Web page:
I am strongly persuaded this poem is by Anne Finch. It comes from MS Harleian 7316, 69v: Untitled, "We did attempt to travell all Last night". This is the ninth in a series of fourteen poems by, to and describing the intimate circle of people surrounding Heneage and Ann Finch. For full listing of series, see 'To Coleshill Seat of Noble Pen'.
See Annotated Chronology No. 253 (1718-20). The poem is in Finch's vein and takes the form of her early self-communing fragments, "The Losse" and "The Consolation" or, as separated out from "By neer resemblance see that Bird betray'd," "So here confin'd, and but of female Clay," mood now content, joyous to see good friend. What is most strikingly persuasive is internal and therefore hard to demonstrate except on the reader's impulses: tone, prosody, phrases. The poem fits into what Carol Barash calls the poetry of abjection that we find in Finch's earliest autobiographical as well as later verse (e.g., the host's cottage though humble is the best of places to come to because safest". This recalls the close of The Shepherd and the Calm and other fables; the rejection of ambition and determination "to reign here alone." There is also a reference to "Nance" who the writer looks forward to seeing; I suggest this is Ann Fleming, and the visit is to Colehill, Warwickshire. The reader might laugh, but I see a reference to Heneage's gout, age, and obesity in the last line. The man could not travel as far as was needed to reach his wife's friend, although he tried to.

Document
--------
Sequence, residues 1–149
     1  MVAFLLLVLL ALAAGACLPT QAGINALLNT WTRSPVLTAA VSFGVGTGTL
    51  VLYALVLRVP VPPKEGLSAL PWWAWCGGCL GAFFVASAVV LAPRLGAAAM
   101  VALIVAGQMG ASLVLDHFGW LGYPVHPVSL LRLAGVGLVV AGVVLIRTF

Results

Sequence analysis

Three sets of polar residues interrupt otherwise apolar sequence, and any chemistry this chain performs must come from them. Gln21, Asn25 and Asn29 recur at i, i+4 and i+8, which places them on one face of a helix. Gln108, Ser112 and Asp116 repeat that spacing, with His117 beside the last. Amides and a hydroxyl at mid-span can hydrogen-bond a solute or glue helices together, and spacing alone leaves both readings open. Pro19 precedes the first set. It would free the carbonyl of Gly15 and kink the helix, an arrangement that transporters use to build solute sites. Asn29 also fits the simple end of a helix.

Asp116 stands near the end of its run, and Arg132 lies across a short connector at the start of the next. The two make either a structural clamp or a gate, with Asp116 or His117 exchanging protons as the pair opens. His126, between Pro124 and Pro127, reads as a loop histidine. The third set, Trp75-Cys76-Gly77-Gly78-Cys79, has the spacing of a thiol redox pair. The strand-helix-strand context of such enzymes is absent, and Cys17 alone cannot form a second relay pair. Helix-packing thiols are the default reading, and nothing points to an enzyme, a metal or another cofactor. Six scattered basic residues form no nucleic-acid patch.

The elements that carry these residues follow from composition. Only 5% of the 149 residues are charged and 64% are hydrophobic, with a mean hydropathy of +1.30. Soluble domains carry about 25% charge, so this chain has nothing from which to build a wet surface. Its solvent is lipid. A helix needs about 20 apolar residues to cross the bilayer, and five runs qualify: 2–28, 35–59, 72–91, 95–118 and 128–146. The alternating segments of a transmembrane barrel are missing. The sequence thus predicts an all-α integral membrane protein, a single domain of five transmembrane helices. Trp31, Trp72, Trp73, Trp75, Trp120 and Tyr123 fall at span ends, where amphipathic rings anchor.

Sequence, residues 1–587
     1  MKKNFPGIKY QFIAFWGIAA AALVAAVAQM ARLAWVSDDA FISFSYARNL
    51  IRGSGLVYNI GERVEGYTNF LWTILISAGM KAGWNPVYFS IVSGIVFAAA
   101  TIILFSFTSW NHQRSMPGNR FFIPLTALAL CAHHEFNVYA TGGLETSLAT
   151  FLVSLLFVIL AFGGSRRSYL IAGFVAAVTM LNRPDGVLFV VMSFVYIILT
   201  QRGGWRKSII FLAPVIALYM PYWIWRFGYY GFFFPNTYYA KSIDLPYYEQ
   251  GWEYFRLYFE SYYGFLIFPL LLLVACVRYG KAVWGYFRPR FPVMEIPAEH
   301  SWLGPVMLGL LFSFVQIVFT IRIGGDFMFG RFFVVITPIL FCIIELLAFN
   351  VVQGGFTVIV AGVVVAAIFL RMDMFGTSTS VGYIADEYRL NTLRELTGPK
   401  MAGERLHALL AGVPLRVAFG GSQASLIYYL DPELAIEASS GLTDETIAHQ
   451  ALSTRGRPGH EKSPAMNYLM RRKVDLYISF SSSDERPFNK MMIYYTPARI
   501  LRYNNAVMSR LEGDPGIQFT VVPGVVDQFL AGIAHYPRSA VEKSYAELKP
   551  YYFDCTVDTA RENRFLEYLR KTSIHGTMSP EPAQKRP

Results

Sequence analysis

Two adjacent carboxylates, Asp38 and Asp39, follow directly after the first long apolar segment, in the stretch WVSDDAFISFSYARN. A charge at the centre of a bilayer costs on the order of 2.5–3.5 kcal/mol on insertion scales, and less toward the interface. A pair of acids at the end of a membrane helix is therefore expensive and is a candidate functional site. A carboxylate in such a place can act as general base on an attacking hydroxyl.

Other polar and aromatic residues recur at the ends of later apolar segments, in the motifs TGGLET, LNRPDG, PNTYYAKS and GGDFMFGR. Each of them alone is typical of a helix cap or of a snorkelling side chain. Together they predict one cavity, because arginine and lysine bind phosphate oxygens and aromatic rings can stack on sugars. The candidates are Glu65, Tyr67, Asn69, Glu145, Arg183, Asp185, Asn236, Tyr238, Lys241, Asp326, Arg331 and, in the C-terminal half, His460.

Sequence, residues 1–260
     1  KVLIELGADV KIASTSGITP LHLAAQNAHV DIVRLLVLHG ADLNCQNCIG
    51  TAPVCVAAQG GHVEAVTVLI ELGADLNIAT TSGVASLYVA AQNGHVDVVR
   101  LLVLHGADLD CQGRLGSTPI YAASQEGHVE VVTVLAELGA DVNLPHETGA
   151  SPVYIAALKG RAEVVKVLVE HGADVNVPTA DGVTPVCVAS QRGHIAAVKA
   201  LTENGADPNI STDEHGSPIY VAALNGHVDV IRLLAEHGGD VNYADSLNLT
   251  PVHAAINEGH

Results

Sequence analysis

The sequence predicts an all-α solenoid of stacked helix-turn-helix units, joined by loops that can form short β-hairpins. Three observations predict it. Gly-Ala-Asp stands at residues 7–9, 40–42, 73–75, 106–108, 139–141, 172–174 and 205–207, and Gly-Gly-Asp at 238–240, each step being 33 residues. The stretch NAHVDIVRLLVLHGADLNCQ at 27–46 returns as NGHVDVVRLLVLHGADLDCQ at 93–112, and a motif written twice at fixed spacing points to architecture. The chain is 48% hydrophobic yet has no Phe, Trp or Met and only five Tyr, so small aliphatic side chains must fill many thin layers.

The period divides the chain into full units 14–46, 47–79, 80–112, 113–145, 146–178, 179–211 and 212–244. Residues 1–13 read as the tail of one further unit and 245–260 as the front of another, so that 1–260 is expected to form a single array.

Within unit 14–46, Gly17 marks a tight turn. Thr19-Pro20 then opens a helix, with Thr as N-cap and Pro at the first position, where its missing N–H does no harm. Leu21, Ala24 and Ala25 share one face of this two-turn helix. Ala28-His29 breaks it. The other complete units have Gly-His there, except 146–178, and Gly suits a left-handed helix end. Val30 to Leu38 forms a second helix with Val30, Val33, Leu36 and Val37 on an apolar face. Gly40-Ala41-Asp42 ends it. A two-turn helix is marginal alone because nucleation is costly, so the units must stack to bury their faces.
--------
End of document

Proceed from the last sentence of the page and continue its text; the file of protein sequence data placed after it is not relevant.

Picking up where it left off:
Untitled Lines, from MS Harleian 7316, p. 69v.
We did attempt to travell all Last night,
The Moon was perish [sic] but the Stars gave Light
And Steer'd us to your Cottage fair & Bright.
We have brought you foreign Wine, Your friends to Grace
Wine that will Bask & Sparkle in their face
As also purest Nance,* the Flower of France
Will make a Parson & a Butcher Dance
We have likewise brought a Flash of Rumm
I dare to Say the best in Christendom
But best of all because it's Safe come home.
I have Viewed your Cotage, could I call it my own
I'd Scorn a Spanish, nay a Brittish Throne,
And Sway my Scepter, & here reign alone.
*Ann Fleming is called "Nanny" in the ballad "Sullen Green or Wully's farewell Tune Moggy Lauder" ("Ah! fare thee weel dear Sutton Toon"), there (and whereever else mentioned) associated with her musical abilities.
One last comment: the last line of the poem has Ann's typical rhythms; the thoughts typical of her; the mood of subdued happiness hers too.